Tom was the vision and impetus behind our coal mine methane capture project, and he was the leading authority in the United States in that field. Looking a bit like Rutger Hauer in Blade Runner, and just as passionate about enabling his kind to thrive, Tom spoke in metaphor and analogy and neat turns-of-phrase that helped laypeople understand the intricacies of coal mines and methane,climate change and necessary policy reform. “Think of it as water that runs uphill,” he’d say, or, “We have to plug the jug.”

An oil and gas man by trade and training, but a scientist at heart, Tom didn’t worry much about climate change in the first part of his life—he thought volcanoes emitted more CO2—until he heard a scientist speak on the subject. And he thought: “Well then, we’ve got a problem.”

From that point on, Tom, often shaking his head at the failure of government and even environmental groups to understand the dire threat methane posed, became the leading on-the-ground crusader in the U.S. to capture and destroy the potent greenhouse gas.

Tom was a businessman too, and he saw methane as both an opportunity and a threat. Coming from the inside, he had a knack for befriending miners and gas people, “land men” and engineers, because he spoke their lingo and lived their lives.

In Denver, the service for Vessels was attended by 200 to 300 people, among them Rutt Bridges, who made a good living as a designer of software for hydrocarbon extraction before turning his attention to charting the life beyond fossil fuels in the transportation sector. One of his sons, Jeff Bridges, is a Colorado state senator.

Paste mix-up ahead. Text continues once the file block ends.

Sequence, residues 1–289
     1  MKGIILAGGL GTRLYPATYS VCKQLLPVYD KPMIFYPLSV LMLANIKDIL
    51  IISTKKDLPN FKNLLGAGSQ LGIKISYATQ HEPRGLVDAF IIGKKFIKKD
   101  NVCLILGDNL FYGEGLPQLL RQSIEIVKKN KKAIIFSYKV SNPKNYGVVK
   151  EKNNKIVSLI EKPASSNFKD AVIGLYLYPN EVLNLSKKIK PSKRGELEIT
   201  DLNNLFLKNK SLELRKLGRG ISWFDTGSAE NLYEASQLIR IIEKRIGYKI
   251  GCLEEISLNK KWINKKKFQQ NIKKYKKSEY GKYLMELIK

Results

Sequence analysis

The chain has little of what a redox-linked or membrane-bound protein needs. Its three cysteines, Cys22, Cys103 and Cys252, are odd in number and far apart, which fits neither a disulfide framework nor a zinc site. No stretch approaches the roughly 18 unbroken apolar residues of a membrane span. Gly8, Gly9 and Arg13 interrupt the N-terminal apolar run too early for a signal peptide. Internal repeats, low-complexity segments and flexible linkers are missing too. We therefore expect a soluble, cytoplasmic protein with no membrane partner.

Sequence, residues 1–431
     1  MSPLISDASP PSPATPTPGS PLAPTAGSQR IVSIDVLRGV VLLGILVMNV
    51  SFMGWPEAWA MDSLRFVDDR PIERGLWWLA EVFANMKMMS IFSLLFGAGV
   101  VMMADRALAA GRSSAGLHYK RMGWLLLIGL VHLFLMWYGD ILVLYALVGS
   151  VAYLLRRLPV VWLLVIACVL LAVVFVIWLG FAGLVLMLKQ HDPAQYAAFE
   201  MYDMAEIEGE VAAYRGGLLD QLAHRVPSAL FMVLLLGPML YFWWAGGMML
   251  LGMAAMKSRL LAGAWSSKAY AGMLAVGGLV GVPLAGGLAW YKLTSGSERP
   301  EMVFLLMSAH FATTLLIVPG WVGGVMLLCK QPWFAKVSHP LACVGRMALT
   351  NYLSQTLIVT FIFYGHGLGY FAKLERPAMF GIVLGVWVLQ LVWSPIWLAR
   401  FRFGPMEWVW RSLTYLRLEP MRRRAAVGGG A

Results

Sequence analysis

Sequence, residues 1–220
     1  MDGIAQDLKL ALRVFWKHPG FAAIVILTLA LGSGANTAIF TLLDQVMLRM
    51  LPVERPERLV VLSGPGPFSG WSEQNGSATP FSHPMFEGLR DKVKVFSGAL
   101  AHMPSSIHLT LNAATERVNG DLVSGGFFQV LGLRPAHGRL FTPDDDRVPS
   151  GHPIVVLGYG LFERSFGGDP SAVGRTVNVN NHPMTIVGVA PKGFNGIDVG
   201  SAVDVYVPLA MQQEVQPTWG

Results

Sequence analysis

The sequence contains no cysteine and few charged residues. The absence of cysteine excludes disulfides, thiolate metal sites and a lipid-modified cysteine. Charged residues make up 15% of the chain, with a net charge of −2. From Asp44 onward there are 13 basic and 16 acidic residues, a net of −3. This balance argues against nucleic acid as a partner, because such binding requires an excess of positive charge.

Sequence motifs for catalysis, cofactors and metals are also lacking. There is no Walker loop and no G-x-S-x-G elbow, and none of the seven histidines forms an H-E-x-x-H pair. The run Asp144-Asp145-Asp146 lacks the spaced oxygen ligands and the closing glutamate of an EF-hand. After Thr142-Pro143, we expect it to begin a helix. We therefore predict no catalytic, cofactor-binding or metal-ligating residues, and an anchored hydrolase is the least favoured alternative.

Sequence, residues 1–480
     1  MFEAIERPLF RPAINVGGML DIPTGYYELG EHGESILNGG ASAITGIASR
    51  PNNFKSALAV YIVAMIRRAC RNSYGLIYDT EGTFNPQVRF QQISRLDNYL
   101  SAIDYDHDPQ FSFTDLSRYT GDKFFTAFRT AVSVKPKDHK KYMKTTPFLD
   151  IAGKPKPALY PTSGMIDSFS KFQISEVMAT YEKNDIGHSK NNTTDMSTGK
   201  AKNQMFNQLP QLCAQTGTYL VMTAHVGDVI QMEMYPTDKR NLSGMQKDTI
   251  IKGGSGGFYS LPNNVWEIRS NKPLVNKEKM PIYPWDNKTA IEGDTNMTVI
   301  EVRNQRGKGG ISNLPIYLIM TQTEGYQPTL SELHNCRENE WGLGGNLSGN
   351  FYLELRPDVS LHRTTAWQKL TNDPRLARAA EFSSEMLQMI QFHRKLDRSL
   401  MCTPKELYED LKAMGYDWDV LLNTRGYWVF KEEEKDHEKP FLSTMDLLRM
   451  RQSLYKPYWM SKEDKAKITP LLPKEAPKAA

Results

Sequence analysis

Former Gov. Bill Ritter was also there. He was elected in 2004 in the same election that Colorado voters approved the nation’s first voter-initiated renewable portfolio standard. It required Xcel Energy to achieve 10% by 2015. Xcel famously blew past that requirement. It is now positioned to achieve 80% by 2030, and some Colorado utilities believe they can hit 90% or even 100%.

Chris Caskey, who is on the board of directors for Vessels Coal & Gas. Caskey, was there, too. He has a Ph.D. in applied chemistry from the Colorado School of Mines and is a free-spirited entrepreneur. He has already created a business in Montrose to create high-end ceramic tiles derived principally from the silt dredged from Paonia Reservoir.

Caskey has bigger ambitions yet. Working with the Aspen Skiing Co., Pitkin County and others, he is trying to figure out a way to harness the methane emissions from Dutch Creek No. 1, a former mine located 8 miles west of Redstone, the same way that Vessels did at Paonia.

Like those mines of the North Fork Valley, located 10 to 15 miles away as the crow flies, this mine was notoriously gassy. An explosion in 1964 killed nine men. State officials  at the time said  that Dutch Creek was the most gaseous coal mine in Colorado and the second gassiest in the nation. Another explosion in 1981 killed 15. Mining ceased in 1991.

By one estimate, the emissions from this one mine in terms of global warming potential surpass all others combined in Pitkin County, a long and skinny county that includes Aspen but also Dutch Creek No. 1. Think of the private jet planes lined up three-deep at the Aspen-Pitkin County Airport, the mansions and the daily unrelenting parade of cars, pickups and trucks in and out Aspen.

To corral those methane emissions looks to be a tall challenge for Caskey and others aligned with this mission of methane containment. In a way, Tom Vessels was a man ahead of his times in Colorado but also an important man of his times.

Allen Best publishes Big Pivots, an e-journal about energy, water and other major transitions underway in Colorado and beyond. Seebigpivots.com.